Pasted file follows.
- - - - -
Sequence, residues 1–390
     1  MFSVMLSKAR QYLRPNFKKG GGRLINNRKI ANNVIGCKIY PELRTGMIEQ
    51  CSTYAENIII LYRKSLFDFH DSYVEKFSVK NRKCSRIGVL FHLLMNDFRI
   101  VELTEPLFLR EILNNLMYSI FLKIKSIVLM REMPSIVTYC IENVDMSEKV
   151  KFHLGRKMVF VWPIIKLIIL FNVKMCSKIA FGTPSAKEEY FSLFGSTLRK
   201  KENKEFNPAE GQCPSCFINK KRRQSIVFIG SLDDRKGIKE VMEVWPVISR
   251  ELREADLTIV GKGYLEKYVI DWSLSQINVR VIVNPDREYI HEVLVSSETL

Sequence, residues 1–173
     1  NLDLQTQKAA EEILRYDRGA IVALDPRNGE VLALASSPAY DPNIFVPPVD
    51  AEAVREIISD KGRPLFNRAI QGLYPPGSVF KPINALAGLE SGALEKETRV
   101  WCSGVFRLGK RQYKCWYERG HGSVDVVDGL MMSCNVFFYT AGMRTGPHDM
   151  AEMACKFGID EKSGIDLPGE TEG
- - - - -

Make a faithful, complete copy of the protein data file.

Sequence, residues 1–390
     1  MFSVMLSKAR QYLRPNFKKG GGRLINNRKI ANNVIGCKIY PELRTGMIEQ
    51  CSTYAENIII LYRKSLFDFH DSYVEKFSVK NRKCSRIGVL FHLLMNDFRI
   101  VELTEPLFLR EILNNLMYSI FLKIKSIVLM REMPSIVTYC IENVDMSEKV
   151  KFHLGRKMVF VWPIIKLIIL FNVKMCSKIA FGTPSAKEEY FSLFGSTLRK
   201  KENKEFNPAE GQCPSCFINK KRRQSIVFIG SLDDRKGIKE VMEVWPVISR
   251  ELREADLTIV GKGYLEKYVI DWSLSQINVR VIVNPDREYI HEVLVSSETL

Sequence, residues 1–173
     1  NLDLQTQKAA EEILRYDRGA IVALDPRNGE VLALASSPAY DPNIFVPPVD
    51  AEAVREIISD KGRPLFNRAI QGLYPPGSVF KPINALAGLE SGALEKETRV
   101  WCSGVFRLGK RQYKCWYERG HGSVDVVDGL MMSCNVFFYT AGMRTGPHDM
   151  AEMACKFGID EKSGIDLPGE TEG